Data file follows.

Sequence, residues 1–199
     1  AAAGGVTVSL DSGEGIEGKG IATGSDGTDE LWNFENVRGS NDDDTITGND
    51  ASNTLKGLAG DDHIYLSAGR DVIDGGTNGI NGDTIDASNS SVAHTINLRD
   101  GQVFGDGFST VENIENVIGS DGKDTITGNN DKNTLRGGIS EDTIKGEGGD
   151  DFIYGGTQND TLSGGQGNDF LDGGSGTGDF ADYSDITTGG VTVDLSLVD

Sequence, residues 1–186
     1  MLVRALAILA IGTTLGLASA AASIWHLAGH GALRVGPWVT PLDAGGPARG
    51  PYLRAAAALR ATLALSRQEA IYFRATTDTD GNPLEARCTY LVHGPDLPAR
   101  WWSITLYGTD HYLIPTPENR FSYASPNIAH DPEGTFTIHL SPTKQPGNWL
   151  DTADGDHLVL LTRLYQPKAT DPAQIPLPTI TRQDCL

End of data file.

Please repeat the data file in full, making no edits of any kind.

Sequence, residues 1–199
     1  AAAGGVTVSL DSGEGIEGKG IATGSDGTDE LWNFENVRGS NDDDTITGND
    51  ASNTLKGLAG DDHIYLSAGR DVIDGGTNGI NGDTIDASNS SVAHTINLRD
   101  GQVFGDGFST VENIENVIGS DGKDTITGNN DKNTLRGGIS EDTIKGEGGD
   151  DFIYGGTQND TLSGGQGNDF LDGGSGTGDF ADYSDITTGG VTVDLSLVD

Sequence, residues 1–186
     1  MLVRALAILA IGTTLGLASA AASIWHLAGH GALRVGPWVT PLDAGGPARG
    51  PYLRAAAALR ATLALSRQEA IYFRATTDTD GNPLEARCTY LVHGPDLPAR
   101  WWSITLYGTD HYLIPTPENR FSYASPNIAH DPEGTFTIHL SPTKQPGNWL
   151  DTADGDHLVL LTRLYQPKAT DPAQIPLPTI TRQDCL